FEC deadlocks, for now, on whether political committees can accept bitcoin

Political donors, put away those bitcoin wallets for now.

The Federal Election Commission on Thursday deadlocked on the question of whether federal candidates and political action committees can accept the virtual currency, with the three Democratic appointees saying they want the agency to take more time to study the issue and develop a formal policy to govern the use of bitcoins in campaigns.

Chair Ellen Weintraub stressed that the lack of action did not mean the panel would not approve bitcoin donations at some point, but said that the Internet cash raised many complicated questions – particularly about disclosure and whether bitcoins constitute money – that required more examination.

“We have not seen the last of bitcoin at the FEC,” she said.

Created by a still-unknown developer in 2009, the Bitcoin network allows people to make nearly instantaneous online payments without going through a bank or a third party. The transactions are public, although the parties involved are identified only by their bitcoin addresses.

Senate committee hearings held this week exploring the banking and law enforcement implications of virtual currencies such as bitcoin appeared to have given the Democratic commissioners pause.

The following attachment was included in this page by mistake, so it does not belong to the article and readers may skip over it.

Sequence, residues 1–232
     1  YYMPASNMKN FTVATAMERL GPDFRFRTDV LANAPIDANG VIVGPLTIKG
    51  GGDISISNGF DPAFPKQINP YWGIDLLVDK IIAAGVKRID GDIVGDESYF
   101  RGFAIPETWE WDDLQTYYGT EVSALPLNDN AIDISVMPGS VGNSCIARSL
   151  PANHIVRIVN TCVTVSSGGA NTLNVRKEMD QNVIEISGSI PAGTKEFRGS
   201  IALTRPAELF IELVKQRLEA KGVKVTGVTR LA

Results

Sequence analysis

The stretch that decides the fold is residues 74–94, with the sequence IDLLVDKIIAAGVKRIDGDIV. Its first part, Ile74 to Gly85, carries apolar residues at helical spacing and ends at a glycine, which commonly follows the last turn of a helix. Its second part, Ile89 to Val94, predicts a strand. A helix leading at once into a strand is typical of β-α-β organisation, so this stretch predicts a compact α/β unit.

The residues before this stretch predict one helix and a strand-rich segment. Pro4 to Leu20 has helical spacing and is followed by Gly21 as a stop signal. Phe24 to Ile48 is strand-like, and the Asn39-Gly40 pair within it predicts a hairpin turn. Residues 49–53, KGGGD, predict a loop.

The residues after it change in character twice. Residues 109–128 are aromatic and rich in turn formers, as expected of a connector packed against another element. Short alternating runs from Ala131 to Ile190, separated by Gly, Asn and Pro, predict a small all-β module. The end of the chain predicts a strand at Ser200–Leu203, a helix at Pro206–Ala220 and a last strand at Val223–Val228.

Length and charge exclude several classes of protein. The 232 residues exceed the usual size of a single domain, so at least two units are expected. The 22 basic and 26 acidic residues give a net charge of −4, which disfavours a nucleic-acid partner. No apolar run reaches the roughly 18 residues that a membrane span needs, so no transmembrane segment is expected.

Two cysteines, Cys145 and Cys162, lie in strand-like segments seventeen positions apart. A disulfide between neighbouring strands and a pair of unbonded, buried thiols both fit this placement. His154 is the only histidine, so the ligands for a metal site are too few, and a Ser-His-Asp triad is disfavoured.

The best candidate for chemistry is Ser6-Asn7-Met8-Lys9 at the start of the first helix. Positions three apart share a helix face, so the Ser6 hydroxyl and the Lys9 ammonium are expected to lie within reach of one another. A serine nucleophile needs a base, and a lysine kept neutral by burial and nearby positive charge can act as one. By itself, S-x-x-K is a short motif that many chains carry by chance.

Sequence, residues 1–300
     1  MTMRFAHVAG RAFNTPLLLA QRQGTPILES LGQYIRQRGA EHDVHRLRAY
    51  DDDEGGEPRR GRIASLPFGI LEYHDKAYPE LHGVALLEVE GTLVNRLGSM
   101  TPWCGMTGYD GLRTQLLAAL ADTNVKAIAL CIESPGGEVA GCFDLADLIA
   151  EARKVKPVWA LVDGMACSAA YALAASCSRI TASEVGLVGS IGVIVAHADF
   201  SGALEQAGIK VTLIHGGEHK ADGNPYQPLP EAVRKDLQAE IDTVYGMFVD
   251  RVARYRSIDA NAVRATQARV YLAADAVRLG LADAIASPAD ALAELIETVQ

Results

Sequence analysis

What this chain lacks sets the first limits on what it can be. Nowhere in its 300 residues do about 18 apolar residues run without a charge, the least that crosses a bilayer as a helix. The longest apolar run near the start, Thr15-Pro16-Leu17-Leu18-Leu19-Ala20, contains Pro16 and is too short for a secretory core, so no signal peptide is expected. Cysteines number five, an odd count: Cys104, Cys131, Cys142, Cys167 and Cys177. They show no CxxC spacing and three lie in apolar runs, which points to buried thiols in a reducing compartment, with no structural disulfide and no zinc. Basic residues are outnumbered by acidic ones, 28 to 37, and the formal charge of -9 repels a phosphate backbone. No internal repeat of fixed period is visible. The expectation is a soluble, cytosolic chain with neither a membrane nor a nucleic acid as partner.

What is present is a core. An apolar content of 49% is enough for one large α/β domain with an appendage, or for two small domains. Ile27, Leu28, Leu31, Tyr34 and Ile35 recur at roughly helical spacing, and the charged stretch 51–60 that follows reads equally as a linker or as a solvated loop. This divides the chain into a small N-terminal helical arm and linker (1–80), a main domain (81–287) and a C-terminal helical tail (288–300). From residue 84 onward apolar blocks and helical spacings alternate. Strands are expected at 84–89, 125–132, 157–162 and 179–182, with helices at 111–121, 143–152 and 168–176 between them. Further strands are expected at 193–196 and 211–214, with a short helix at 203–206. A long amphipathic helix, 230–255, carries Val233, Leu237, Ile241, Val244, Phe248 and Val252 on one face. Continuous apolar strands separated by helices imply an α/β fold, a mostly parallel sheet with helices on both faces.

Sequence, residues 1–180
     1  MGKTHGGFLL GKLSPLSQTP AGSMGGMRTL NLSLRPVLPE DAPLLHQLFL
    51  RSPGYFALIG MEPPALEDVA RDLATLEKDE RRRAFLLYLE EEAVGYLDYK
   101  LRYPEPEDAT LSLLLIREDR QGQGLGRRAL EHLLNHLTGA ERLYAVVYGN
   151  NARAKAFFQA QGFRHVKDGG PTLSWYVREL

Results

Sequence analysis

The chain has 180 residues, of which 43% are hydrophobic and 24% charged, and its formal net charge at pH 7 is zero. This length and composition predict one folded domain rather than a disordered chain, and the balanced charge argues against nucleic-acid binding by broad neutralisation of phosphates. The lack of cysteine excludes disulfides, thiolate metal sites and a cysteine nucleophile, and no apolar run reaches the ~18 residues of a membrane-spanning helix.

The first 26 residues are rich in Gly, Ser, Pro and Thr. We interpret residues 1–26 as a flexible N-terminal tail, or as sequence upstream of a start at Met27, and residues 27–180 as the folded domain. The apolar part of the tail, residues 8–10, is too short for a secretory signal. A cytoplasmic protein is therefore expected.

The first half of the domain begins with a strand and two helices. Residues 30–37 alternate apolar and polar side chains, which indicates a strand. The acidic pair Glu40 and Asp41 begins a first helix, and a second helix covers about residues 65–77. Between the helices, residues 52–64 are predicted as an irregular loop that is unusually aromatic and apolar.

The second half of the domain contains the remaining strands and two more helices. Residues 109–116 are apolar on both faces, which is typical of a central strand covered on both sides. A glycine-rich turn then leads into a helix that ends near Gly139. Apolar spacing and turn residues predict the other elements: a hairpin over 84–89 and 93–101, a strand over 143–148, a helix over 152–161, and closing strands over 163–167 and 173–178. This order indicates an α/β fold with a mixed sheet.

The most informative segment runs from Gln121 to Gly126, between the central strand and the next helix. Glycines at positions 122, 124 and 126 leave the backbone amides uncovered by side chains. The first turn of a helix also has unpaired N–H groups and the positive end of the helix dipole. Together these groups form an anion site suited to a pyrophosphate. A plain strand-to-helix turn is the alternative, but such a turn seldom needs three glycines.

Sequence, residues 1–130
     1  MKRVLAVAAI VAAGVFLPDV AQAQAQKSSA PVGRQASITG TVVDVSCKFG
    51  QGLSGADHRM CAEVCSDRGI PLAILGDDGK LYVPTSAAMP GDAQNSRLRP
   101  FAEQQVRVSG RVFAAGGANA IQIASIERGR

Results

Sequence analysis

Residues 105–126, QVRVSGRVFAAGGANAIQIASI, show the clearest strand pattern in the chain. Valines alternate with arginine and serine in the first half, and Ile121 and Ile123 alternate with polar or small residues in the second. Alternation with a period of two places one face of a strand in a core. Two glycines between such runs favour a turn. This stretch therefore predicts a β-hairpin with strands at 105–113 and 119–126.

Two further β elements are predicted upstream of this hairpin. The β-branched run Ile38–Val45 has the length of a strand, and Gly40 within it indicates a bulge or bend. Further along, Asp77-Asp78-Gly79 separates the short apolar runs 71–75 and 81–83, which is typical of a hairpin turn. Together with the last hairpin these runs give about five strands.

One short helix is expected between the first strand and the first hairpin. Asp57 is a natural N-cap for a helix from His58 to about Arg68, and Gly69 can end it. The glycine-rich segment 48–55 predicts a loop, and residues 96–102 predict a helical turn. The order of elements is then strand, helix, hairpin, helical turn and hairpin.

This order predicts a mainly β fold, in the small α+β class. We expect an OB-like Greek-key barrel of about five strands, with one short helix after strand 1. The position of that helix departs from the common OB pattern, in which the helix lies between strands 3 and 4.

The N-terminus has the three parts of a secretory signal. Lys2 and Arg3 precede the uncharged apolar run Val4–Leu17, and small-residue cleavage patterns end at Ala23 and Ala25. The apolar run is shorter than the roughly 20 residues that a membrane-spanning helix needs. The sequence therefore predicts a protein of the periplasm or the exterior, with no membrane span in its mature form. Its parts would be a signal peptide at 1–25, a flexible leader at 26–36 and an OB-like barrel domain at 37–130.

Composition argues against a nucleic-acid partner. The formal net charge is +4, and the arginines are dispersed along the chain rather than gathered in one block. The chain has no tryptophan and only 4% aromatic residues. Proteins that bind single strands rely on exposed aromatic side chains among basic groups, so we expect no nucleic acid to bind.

“I’d feel more comfortable if we took this a little more slowly,” said Commissioner Ann Ravel.

The three Republicans on the panel were in favor of issuing an advisory opinion Thursday that would have allowed candidates and PACs to accept the electronic currency in the same way they handle donations of stock.

“I think we’ve been a little bit distracted by the novelty of bitcoins,” said Vice Chairman Lee Goodman. “Although they represent a unique and new type of asset, they are an asset.”

“I think the legal question for the FEC is quite vanilla,” he added.

Matea Gold is a national political reporter for The Washington Post, covering money and influence.

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